We define the renaming service API in the Protocol Buffers language. Copy the content into a file and name the file renamechan.proto.

syntax = "proto3";

option go_package = "protobuf";

service Renamechan {
  rpc Rename (RenameMessage) returns (RenameResponse) {}
  rpc Help (HelpMessage) returns (HelpResponse) {}
}

message RenameMessage {
  string channel_id = 1;
  string bot_name = 2;
  repeated string args = 3;
}

message RenameResponse {
  string message = 1;
}

message HelpMessage {
  string channel_id = 1;
  string bot_name = 2;
}

message HelpResponse {
  string message = 1;
}

Prepare a makefile to compile the file we just prepared, renamechan.proto.

protobuf/renamechan.pb.go: renamechan.proto
    protoc renamechan.proto --go_out=plugins=grpc:protobuf

Run the makefile and we get a file, protobuf/renamechan.pb.go, containing the code for our service, generated automatically.

$ make protobuf/renamechan.pb.go

Implementing a gRPC server

For gRPC server, we install an interface, RenamechanServer in a separate package called handler.

// RenamechanServer is the server API for Renamechan service.
type RenamechanServer interface {
    Rename(context.Context, *RenameMessage) (*RenameResponse, error)
    Help(context.Context, *HelpMessage) (*HelpResponse, error)
}

The next thing to do is write the main() function for launching the gRPC server. For more information on launching, see here.

func main() {
    lis, _ := net.Listen("tcp", ":5000")
    s := grpc.NewServer()
    server := handler.Server{
        Bot: slack.New(config.GetSlackAppUserToken()),
    }
    pb.RegisterRenamechanServer(s, &server)
    reflection.Register(s)
    s.Serve(lis)
}

Returning results – gRPC status codes

Like we have 404 and 500 status codes for HTTP requests, we have a set defined for gRPC. Your gRPC server shall return an appropriate status code to the requestor. To get more information, see the links provided below.

For example, if there is a system error, we need to return Internal, and if a requestor set wrong parameters, then we’d return the InvalidArgument.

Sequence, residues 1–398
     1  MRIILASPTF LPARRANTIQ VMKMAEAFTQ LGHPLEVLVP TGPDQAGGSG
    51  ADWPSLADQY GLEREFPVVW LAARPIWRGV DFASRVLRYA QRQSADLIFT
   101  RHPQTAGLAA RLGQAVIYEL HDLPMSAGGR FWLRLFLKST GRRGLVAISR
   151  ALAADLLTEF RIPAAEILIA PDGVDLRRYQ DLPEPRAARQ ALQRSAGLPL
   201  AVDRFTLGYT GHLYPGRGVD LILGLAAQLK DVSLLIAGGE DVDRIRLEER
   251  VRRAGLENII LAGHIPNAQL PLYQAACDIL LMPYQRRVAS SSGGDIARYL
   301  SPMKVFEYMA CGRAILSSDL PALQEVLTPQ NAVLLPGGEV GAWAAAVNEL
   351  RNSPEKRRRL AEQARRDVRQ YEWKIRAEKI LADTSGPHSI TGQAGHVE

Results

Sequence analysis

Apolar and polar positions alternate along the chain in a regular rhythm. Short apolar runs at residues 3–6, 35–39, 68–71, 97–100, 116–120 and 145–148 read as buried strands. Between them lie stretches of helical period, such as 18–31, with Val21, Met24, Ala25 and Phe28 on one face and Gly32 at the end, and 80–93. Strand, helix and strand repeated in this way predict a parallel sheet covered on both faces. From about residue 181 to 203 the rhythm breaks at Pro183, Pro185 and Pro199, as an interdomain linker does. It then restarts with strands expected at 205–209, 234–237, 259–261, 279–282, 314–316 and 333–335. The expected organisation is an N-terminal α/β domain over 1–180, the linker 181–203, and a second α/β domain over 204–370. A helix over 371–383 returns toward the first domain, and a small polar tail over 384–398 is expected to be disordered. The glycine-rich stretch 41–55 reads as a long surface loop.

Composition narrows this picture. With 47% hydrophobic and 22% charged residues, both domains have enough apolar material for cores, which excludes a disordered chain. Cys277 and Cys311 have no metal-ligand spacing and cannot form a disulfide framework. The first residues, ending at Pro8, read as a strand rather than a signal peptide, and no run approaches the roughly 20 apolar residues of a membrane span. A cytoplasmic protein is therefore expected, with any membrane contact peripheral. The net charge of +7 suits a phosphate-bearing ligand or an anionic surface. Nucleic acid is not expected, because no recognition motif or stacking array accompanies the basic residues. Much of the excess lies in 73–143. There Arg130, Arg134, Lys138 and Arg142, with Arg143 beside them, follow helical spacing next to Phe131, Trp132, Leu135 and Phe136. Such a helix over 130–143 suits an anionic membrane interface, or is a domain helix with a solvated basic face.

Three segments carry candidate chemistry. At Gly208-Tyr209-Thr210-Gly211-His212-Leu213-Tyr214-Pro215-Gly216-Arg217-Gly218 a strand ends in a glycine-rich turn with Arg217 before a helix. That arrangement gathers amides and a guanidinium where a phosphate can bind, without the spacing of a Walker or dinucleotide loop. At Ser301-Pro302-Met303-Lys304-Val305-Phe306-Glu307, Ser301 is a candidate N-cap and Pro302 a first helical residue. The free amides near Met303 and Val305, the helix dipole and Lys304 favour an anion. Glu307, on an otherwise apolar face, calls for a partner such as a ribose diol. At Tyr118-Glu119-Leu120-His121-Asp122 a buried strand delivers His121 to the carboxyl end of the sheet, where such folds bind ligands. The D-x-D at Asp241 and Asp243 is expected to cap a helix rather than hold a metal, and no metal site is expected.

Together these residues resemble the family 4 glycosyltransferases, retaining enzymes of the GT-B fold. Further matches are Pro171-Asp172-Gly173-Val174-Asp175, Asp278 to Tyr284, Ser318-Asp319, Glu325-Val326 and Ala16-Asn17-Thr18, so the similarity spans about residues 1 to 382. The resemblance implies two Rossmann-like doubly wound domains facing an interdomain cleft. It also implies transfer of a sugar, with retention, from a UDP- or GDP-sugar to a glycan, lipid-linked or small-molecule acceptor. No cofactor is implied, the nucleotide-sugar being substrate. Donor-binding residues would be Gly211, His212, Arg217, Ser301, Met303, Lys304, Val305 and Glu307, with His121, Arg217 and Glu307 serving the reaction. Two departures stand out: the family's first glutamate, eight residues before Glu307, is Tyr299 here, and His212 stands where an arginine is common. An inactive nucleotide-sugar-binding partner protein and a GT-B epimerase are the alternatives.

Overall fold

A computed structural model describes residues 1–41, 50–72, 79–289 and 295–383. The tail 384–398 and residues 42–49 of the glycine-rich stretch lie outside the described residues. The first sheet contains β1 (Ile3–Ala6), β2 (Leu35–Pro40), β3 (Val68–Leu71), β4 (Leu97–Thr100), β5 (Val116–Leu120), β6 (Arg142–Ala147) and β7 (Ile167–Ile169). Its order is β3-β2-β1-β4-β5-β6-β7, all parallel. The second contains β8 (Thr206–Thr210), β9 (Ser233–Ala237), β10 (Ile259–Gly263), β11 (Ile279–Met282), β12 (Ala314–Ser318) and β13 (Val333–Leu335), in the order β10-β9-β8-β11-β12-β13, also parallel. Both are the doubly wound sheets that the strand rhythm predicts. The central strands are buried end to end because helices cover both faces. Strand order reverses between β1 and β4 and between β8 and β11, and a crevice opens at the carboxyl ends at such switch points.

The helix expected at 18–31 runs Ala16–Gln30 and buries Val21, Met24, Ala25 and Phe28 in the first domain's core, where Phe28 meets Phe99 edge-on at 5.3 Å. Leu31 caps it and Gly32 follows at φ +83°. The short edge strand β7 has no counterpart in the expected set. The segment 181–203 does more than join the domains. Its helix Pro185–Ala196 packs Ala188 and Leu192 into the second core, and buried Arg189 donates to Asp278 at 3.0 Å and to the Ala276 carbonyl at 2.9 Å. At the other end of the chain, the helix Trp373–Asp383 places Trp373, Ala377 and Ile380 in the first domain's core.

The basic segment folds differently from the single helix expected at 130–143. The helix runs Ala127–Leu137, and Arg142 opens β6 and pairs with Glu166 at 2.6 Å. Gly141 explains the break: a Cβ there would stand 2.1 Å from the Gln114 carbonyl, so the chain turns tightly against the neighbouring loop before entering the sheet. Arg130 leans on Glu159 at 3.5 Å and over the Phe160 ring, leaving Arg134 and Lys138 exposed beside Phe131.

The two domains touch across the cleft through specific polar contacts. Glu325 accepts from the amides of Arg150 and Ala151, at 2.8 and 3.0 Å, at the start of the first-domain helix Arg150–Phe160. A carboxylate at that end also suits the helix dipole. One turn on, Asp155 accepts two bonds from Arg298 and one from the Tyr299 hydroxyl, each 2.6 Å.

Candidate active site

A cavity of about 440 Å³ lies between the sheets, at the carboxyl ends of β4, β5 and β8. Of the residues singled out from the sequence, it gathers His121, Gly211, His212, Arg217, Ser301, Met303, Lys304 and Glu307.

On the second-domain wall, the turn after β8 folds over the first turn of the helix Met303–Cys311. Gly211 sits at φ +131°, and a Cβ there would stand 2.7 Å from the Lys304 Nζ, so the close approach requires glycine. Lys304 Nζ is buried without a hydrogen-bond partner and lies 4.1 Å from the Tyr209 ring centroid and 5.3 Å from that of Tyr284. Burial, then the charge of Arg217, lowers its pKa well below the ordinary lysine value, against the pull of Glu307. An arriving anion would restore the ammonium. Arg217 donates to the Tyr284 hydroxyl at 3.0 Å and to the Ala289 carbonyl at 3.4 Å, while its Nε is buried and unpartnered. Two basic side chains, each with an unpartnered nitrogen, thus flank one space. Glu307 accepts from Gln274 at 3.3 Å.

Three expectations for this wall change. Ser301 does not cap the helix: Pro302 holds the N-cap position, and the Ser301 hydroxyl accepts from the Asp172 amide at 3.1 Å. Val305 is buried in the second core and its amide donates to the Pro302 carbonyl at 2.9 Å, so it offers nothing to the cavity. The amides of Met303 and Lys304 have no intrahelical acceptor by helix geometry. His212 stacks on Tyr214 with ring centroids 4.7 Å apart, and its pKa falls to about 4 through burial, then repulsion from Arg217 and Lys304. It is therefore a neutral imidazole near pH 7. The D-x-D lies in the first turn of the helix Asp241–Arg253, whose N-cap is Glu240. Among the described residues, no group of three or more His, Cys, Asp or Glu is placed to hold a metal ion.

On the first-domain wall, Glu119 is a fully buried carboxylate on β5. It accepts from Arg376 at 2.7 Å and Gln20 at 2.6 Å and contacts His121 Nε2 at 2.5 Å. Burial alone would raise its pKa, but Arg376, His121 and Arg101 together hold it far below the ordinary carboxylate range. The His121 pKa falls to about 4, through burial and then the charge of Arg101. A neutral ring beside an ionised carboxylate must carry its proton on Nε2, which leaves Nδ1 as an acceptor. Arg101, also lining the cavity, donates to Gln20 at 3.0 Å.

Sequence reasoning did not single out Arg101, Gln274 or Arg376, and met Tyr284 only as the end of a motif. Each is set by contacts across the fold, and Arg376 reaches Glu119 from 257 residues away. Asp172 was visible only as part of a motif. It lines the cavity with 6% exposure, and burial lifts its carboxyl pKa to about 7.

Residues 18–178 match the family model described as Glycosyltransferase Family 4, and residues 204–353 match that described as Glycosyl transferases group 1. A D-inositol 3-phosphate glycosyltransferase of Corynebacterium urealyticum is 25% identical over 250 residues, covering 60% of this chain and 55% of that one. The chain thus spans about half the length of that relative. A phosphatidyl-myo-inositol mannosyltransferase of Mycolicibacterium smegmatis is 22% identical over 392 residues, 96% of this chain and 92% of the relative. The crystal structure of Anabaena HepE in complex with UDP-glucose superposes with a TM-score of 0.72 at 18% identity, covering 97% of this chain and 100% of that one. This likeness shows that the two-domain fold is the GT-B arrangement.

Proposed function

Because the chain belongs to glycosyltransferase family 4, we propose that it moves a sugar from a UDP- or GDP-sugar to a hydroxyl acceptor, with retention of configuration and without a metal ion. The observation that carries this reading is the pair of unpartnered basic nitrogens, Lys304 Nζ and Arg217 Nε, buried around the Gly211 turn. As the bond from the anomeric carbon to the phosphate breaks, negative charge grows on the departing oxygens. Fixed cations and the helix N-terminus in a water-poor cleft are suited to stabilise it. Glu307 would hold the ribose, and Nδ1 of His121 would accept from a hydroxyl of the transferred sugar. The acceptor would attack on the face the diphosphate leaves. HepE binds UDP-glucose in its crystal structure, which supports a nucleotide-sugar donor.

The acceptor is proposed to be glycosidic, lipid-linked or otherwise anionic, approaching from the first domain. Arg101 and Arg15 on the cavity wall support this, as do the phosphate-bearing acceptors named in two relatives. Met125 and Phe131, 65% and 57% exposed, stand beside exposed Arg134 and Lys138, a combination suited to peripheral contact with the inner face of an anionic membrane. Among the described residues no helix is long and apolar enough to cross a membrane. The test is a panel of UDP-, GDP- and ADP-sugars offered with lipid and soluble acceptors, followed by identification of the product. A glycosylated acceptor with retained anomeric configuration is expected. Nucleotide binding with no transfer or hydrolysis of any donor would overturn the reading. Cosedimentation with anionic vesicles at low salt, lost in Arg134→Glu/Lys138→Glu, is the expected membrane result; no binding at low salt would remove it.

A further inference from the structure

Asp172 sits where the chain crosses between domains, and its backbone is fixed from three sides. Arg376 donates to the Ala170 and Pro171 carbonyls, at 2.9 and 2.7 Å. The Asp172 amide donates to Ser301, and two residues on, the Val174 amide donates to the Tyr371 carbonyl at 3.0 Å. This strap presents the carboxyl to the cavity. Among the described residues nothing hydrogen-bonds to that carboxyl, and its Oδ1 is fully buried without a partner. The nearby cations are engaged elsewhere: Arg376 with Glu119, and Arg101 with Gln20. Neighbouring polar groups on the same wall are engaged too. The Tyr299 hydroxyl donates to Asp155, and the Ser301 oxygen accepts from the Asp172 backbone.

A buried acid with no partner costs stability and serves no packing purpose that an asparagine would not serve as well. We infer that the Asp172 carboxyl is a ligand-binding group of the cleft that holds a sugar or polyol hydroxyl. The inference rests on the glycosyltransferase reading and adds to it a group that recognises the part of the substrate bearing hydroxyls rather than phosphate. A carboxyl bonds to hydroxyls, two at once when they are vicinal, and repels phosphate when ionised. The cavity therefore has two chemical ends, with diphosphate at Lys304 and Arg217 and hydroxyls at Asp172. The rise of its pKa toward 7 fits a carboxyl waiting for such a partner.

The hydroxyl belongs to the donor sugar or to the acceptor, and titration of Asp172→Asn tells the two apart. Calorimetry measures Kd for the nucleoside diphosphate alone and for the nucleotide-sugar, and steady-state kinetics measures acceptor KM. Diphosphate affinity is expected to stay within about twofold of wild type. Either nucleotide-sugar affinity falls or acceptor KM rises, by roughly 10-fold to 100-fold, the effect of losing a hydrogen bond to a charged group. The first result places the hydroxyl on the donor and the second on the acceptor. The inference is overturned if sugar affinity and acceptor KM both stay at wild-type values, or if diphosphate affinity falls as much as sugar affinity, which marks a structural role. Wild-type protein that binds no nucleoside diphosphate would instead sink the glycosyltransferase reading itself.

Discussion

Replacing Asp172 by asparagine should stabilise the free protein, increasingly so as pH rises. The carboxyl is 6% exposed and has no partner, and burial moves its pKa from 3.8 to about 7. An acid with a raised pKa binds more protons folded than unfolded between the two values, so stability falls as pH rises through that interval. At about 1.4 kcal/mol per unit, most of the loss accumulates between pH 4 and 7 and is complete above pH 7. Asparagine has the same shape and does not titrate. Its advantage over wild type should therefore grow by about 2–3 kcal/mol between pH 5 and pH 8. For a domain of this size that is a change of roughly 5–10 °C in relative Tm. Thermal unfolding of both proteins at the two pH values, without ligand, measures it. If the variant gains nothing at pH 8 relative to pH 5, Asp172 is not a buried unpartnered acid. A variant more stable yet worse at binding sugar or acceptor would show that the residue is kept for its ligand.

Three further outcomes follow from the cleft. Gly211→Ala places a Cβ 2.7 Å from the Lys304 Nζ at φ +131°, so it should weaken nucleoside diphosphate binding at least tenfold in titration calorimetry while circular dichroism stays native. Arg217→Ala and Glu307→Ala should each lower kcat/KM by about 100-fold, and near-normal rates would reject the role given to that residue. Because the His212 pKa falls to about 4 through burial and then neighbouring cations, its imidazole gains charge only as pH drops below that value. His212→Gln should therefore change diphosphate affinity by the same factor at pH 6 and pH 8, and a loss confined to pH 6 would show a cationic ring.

return nil, status.Error(codes.InvalidArgument, "channel name is required")

Implementing a gRPC client

Finally, we will look at implementing a gRPC client. Check out the guide by gRPC for more information. The following is a simple code for creating a client.

conn, _ := infra.GetGRPCConnOfRenamechan()
c := renamePB.NewRenamechanClient(conn)
ctx, cancel := context.WithTimeout(context.Background(), time.Second)
defer cancel()
_, err = c.Rename(
    ctx, &renamePB.RenameMessage{
        ChannelId: ev.Channel,
        BotName:   botName,
        Args:      args})

The following code is already in the code above, but let’s look at this for now. This code is for getting the result returned by a gRPC server. To get the error object returned by a gRPC server, check the value stored in status.Code. If a gRPC server crashes, you will get codes.Unavailable, and you would display an appropriate error message to the bot user.

_, err = c.Rename(
    ctx, &renamePB.RenameMessage{
        ChannelId: ev.Channel,
        BotName:   botName,
        Args:      args})
code := status.Code(err)

Connections are managed by reusing grpc.ClientConn in a singleton pattern. (The following code example is quite different to the real code.) I am not quite sure this is a right approach. See the threads on Best practices for reusing connections, concurrency.

var (
    conn *grpc.ClientConn
)

func getGRPCConn(addr string) (*grpc.ClientConn, error) {
    if conn != nil {
        return conn, nil
    }
    c, _ := grpc.Dial(
        config.GetRenamechanAddress(), grpc.WithInsecure())
    conn = c
    return c, nil
}

Even if we reuse connections, we must close all connections when we terminate the application. To close all connections we use defer in the main() function.

// Close all connections
defer infra.CloseGRPCConn()

Implementing SSL/TLS

Prepare an SSL certificate and install on a gRPC client and gRPC server. Import google.golang.org/grpc/credentials and change the code as shown below. (Default code)

Client

// https://godoc.org/google.golang.org/grpc/credentials#NewClientTLSFromFile
creds, _ := credentials.NewClientTLSFromFile(certFile, serverNameOverride)
c, _ := grpc.Dial(
    config.GetRenamechanAddress(), grpc.WithTransportCredentials(creds))

Server

// https://godoc.org/google.golang.org/grpc/credentials#NewServerTLSFromFile
creds, _ := credentials.NewServerTLSFromFile(certFile, keyFile)
s := grpc.NewServer(grpc.Creds(creds))

Closing

So, we’ve looked through a process of micro-servicing features using gRPC, to optimize slackbot development. We plan to turn more bots into gRPC servers to combine more and more bots.